The Church must be ready to change
Congratulations are due to Br Guy Consolmagno SJ, Director of the Vatican Observatory and a Tablet columnist, for helping to set up this week’s ground-breaking conference on science and religion. And for making clear what it was not about. There could be no scientific proof or disproof of the existence of God, he explained, as a deity whose existence could be proved or disproved would not be God. But that is not the end of the matter. Astronomy in general and cosmology in particular, when they take a rest from being bafflingly mathematical, are asking questions that can attract the inquiring minds of non-believers and believers alike. Perhaps, especially, the latter.
The subject of the conference – “Black holes, gravitational waves and space-time singularities” – has been situated precisely at the interface of pure science with philosophy, theology and metaphysics. This is Stephen Hawking territory, and though the world’s most remarkable scientist said later he regretted ending his best-selling book A Brief History of Time with a reference to “knowing the mind of God”, he did put the issue on the scientific agenda.
It is reasonable to interpret the natural world as a revelation of the divine – its very rationality in particular – but God’s Creation was not a scientific moment, and Br Consolmagno warns against treating it as such. Arguing from the Big Bang to theism, or indeed to intelligent design, is unsound. But to ask, “Why is there anything, and not nothing?” is to move in a religious direction. It raises questions of purpose, of wondering why rather than asking how. And astronomers are natural wonderers. The myth that science and religion are incompatible must finally be scotched. Scientists who are relaxed about their own religious beliefs should be more forthright in saying so. Believers tend to be less bothered by non-believers than the other way round, which can give the impression that believers have nothing much to say in reply. But Richard Dawkins has gone far too far in the other direction, and many thinking atheists are repelled by the contemptuous tone of his propaganda.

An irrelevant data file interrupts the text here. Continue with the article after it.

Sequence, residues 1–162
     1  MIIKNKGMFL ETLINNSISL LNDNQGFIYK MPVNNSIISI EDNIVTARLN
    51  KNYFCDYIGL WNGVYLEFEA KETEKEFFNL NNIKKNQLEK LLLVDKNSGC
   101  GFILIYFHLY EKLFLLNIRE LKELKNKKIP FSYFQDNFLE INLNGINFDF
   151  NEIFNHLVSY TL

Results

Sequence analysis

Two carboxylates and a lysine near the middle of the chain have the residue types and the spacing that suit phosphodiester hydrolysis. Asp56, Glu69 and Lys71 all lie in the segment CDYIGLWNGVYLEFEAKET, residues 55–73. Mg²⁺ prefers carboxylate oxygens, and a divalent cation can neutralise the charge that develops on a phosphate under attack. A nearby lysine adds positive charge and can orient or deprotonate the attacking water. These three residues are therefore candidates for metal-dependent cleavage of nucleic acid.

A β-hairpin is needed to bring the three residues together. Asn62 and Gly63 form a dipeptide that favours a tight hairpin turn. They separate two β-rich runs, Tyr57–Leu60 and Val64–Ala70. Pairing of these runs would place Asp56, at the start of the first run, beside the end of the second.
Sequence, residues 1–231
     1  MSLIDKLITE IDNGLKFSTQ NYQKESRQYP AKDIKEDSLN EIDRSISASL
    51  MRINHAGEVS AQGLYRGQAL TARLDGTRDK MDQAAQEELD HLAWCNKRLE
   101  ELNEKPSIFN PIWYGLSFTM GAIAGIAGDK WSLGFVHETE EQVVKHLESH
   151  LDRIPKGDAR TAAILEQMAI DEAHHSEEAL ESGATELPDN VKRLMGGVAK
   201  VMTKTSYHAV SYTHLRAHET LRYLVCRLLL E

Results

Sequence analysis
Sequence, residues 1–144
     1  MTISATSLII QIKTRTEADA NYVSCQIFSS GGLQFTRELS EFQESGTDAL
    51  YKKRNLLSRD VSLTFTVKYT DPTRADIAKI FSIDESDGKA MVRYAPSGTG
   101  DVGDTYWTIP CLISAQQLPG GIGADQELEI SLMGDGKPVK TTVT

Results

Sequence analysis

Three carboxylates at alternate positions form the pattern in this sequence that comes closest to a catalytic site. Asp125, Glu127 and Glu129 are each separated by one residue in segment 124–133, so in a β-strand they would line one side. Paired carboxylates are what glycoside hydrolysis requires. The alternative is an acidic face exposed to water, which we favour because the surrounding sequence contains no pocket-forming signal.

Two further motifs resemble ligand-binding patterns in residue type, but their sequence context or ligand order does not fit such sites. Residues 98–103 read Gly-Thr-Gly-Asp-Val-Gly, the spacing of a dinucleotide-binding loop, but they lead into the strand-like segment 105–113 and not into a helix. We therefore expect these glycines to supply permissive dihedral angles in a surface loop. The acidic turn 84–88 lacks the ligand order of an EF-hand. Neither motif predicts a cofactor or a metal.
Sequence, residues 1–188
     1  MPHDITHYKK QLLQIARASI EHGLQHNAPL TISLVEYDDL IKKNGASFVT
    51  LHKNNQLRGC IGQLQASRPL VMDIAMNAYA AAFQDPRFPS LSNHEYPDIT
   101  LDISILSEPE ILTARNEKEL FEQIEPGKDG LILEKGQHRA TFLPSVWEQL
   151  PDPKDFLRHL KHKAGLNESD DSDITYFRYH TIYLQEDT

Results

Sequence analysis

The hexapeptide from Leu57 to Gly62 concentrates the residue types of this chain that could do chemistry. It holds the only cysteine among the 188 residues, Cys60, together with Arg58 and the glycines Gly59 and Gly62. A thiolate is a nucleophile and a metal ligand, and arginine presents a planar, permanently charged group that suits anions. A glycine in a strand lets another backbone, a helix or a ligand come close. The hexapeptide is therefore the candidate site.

The relationship between science and religion needs careful thought, not bluster. This includes, on the one hand, recognising that the nineteenth-century battle over Darwinism was contrived, and that there was never anything to fear for religious believers in the theory of evolution; and, on the other, acknowledging frankly that the Galileo affair represented an incursion by Church authority into an area where it had no competence. Where religious or moral teachings partly rely for their persuasiveness on scientific evidence – the obligation to take action on climate change would be an example – they have to make room for the fact that science, of its very nature, changes its mind. The same applies to moral teachings based on natural law. Science can legitimately ask whether a particular view of human nature is based on sound evidence; and if it is not, the teaching based on it has to be corrected.
Such humility can be painful. But good science also needs humility. It might not be able to answer the questions why – but it can put them with great power. And believers must rise to the challenges they pose